When I woke up in the hospital my arm was reset.  My leg was in a splint and a tube drained fluid from my left lung where I had been stabbed.  Benny leaned on that same broom watching me.  “Glad to see you survived white boy.  Even if it did cost me a deck.”

            “You bet I would die?”

            “Seemed prudent.  Damn son, Breeze gonna' be one mad mother if he ever gets out of solitary.”

            “So?  Fuck him.”  Benny started to laugh and didn’t stop until tears ran down his face.

            “You may just make it.”

            “Or die trying.”

            “Yeah, or die trying.”

            I never did see Breeze again.  Some said he was poisoned in solitary.  That and the fact that Benny delivered the chow to solitary might or might not mean a thing.  The Brand thought it did.  We found Benny hanging by a sheet from the second tier.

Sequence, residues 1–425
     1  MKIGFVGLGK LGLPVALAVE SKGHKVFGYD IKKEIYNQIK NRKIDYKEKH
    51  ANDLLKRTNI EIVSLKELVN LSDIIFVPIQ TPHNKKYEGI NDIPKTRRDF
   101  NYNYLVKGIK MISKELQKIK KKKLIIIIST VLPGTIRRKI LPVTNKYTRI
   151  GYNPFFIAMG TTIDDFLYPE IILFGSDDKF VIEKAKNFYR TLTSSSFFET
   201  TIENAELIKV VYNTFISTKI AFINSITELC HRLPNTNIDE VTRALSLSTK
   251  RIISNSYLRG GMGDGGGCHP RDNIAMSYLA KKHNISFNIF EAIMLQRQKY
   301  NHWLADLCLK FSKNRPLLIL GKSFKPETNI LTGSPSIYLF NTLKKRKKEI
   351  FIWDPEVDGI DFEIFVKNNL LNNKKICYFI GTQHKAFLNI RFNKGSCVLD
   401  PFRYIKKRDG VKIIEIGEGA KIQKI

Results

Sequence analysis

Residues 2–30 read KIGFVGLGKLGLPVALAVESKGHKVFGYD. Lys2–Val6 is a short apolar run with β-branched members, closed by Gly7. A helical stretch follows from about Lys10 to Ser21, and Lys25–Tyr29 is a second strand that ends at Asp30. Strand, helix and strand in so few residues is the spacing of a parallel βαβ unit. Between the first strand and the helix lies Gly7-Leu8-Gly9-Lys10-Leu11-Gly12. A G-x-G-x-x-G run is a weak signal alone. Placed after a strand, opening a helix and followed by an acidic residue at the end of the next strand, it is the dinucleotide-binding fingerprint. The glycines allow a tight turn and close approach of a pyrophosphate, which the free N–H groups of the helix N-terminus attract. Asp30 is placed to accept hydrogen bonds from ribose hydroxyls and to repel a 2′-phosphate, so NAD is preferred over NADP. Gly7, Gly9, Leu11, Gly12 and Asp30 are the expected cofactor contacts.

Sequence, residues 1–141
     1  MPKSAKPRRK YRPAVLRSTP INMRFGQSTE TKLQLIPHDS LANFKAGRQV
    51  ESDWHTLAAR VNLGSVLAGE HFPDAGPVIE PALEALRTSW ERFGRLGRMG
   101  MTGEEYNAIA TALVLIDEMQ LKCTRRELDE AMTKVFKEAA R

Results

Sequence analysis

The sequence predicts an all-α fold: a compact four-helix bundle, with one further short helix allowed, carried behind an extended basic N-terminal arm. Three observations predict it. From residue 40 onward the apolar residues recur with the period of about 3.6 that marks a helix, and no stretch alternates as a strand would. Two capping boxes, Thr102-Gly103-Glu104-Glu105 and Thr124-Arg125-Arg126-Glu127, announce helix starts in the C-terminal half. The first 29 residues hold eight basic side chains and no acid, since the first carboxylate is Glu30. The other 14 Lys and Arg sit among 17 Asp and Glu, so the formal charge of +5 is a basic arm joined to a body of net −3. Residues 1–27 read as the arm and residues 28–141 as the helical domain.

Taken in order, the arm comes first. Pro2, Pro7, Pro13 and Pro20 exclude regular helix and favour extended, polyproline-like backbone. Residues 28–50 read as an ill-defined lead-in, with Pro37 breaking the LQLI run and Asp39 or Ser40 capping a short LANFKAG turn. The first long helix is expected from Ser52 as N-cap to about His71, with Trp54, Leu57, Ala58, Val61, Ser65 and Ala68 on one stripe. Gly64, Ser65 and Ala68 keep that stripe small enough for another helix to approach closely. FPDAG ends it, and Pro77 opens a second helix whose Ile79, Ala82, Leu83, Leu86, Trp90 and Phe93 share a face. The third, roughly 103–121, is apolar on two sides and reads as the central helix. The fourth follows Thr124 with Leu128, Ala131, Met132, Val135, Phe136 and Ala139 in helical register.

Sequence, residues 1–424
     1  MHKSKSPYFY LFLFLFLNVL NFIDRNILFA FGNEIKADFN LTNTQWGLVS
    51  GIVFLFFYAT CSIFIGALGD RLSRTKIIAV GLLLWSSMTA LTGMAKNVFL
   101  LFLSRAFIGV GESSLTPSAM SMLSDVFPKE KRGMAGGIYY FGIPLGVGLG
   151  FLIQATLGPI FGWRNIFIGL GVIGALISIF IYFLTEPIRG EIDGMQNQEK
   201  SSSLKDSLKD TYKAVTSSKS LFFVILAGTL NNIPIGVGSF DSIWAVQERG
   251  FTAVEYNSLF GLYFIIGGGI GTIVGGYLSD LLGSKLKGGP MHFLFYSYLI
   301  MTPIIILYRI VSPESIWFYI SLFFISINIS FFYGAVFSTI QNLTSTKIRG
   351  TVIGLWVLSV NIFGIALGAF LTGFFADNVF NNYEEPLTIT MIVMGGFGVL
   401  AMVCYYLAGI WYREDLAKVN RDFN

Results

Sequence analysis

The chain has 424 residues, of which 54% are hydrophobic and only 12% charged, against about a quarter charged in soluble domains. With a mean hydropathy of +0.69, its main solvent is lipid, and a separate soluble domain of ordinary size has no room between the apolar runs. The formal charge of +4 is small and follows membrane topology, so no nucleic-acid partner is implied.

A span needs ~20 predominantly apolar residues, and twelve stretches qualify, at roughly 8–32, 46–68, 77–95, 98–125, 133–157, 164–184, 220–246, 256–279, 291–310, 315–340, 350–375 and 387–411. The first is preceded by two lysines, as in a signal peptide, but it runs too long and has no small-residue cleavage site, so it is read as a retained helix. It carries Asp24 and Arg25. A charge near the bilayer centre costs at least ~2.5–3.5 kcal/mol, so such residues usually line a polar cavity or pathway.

Does this short tale say anything about me or my writing process?  I’m not sure.  What I can tell you is I crank up the music and let words fly.  I type until I’m done.  It gets scary sailing without a chart or compass, three months into a novel and no land in sight.  But I know the only way through is by typing.  I am as I type this, struggling to find the thread of ONE MORE BODY, the third Moses book.  I can feel it lurking in the dark.  If I just keep pounding it will find form.